With NBAA’s annual convention serving as the nexus of the U.S. business aviation industry, it provides an excellent opportunity for the Corporate Aircraft Association (CAA) to meet with its members and FBO partners. The organization, founded in the mid-1990s to find favorable hotel rates for corporate aircraft flight crews, has come a long way since then. With FBOs encroaching on its discount hotel-rate model, the organization’s founders instead began negotiating directly with them to offer fuel discounts for its members and, in 1997, the fuel program was launched.
Today, CAA lists nearly 9,000 individual Part 91 aircraft up to BBJs on its member rolls and has grown from approximately 25 participating FBOs in the early 2000s to 10 times that number. The plan is simple. FBOs wishing to join the program present their bid of what they will pledge to offer the group’s members, who will then vote whether to accept that location as the CAA-preferred vendor at that airport for a three-year term. Such an offer involves discounted fuel pricing to the CAA members. “If they bid a dollar into-plane fee, the fuel price can go from raw fuel plus taxes [of] $2.50 a gallon to $6.50, but the into-plane fee will always be a dollar on top of that for three years,” said Robert Bordes, the association’s president. That results in reduced costs of up to $2 per gallon in many cases. Some FBOs add further incentives to sweeten their offers, such as free overnight parking for members or complimentary lavatory service.
Those bids are important, as FBOs, which have been part of the program for more than a decade in some instances, found themselves voted out when a competitor proffered a better offer to CAA’s membership. In one such case, Bordes estimated that switch was worth 700,000 gallons of additional fuel sales a year. “It’s always sad when you see an FBO flip like that,” he told AIN, but whoever wins the vote gets the contract.”
While competition for the right to list “CAA-preferred” and enjoy its associated extra traffic is heated among FBOs at many airports, over the past few years, single-source providers have also begun to join. “Three or four years ago, we couldn’t sell CAA to an airport that just had a single-source FBO, but we’re educating the GM at that airport that he might not think he has a competitor because he’s the only one on the field, but he’s competing with where that airplane just flew in from, and the next stop that airplane is going to make when it leaves them.”
In major metropolitan areas, CAA offers its members alternatives, where they might choose to trade fuel savings for a slightly longer limousine ride from a more remote airport.
The association does not charge the FBOs anything to participate in the program. “The beauty part of CAA is we’re not a middleman,” Bordes said. “We don’t have our hand stuck out to take something out of the deal, the customer is our member and the member pays the FBO directly.” Instead, the organization derives its funds from membership enrollment, which is $500 per tail number annually, (80 percent of the company’s members are single-aircraft operators) a cost that Bordes says a member can recoup on just one fueling for a midsize or larger aircraft. “It might take a turboprop two or three fuelings before you save $500, but then it's money in the bank.”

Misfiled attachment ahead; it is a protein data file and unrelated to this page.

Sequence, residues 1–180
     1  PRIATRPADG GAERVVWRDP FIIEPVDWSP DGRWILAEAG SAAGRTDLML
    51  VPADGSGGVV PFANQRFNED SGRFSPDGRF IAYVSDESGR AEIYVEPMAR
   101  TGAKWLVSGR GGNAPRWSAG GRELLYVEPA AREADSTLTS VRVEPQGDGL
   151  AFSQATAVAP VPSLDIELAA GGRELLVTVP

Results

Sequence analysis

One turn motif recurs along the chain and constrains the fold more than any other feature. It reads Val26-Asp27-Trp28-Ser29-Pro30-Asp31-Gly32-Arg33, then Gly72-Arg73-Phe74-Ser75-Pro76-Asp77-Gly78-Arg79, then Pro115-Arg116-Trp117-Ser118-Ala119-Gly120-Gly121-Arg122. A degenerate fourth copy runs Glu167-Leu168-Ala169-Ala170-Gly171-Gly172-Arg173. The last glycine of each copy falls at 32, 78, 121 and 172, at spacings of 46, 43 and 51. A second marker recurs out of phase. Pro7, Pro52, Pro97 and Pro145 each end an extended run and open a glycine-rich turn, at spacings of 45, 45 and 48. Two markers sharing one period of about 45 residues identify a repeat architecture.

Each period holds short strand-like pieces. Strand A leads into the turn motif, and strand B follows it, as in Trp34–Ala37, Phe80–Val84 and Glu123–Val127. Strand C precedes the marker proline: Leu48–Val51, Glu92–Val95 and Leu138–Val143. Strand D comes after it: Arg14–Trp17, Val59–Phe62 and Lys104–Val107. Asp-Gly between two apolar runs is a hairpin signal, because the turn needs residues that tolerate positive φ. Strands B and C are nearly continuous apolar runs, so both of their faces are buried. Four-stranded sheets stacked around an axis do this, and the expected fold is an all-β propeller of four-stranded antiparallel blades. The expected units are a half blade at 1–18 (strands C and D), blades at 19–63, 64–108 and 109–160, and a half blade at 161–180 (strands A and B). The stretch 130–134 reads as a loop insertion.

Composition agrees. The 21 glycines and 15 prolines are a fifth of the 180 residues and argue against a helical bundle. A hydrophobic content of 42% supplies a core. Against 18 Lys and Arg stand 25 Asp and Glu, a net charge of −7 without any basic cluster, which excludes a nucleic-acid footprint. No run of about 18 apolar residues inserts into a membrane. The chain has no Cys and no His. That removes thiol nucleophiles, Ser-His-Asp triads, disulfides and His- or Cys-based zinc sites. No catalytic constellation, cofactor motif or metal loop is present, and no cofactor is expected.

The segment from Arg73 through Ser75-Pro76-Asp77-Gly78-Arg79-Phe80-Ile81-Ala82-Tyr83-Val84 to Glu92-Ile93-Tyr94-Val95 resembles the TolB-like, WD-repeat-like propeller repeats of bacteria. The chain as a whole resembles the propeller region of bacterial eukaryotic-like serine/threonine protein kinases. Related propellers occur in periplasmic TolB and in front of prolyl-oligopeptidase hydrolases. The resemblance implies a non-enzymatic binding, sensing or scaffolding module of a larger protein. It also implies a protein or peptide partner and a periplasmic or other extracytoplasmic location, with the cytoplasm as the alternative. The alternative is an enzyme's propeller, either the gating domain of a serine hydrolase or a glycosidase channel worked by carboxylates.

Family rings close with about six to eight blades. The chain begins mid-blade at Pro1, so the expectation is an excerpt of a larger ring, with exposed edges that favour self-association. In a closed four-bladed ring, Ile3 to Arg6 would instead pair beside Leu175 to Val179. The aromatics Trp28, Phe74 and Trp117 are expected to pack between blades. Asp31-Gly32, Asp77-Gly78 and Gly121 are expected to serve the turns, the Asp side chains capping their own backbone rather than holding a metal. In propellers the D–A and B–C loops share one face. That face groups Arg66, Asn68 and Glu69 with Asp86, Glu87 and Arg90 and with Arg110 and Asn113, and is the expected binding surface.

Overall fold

To demonstrate that, CAA (Booth N2329) offers a unique six-month test period to allow prospective members all the benefits of the program for free. After that, the conversion rate to full membership is above 70 percent. “A lot of times you get a big, long-range jet like a Gulfstream come in from Africa or Europe,” explained Bordes, “they’ll buy a membership just to make one trip over because when they put 2,000-3,000 gallons on to go home, and they are saving $1 a gallon, membership is only $500 so they just put $1,500 back in their pocket.”
With a mantra of enhancing the operating efficiencies of Part 91 flight operations, the organization is constantly combing its membership rolls to ensure that no Part 135 aircraft creep in. By comparing its membership’s tail numbers against the FAA database on a quarterly basis, more than 150 aircraft a year are disqualified from the organization for engaging in charter activities.
For the past several years, the organization has been adding new aircraft at a clip of nearly 1,000 a year, expansion driven by the growing shift to electronic format. Prior to that, everything from member-only fuel-price updates from its dozens of FBOs, to its applications, to voting on FBO bids, was done manually. Even its membership cards have now become passé. “We used to mail out cards, and you’re talking 9,000 cards a year, and most companies lose a card, so they would want two, so you’re looking at 18,000 cards you have to mail out,” noted Bordes. “We’ve even gotten away from using the electronic card because the FBOs have the ability to just type in a tail number and verify them.”
An online application features a map showing all of the FBO partners, and members can click on them to see fuel pricing, volume breaks, and contact information
The organization also verifies that its preferred FBOs live up to their contracts, by auditing them at least once a year. Any deviation from the contracted price structure will trigger an investigation by CAA. “We want to get it right for our members, and if [the FBOs] flunk an audit, we fix it and then we reaudit again in a certain time period to make sure that the fixes still apply, and they’re not just gaming the system,” said Bordes.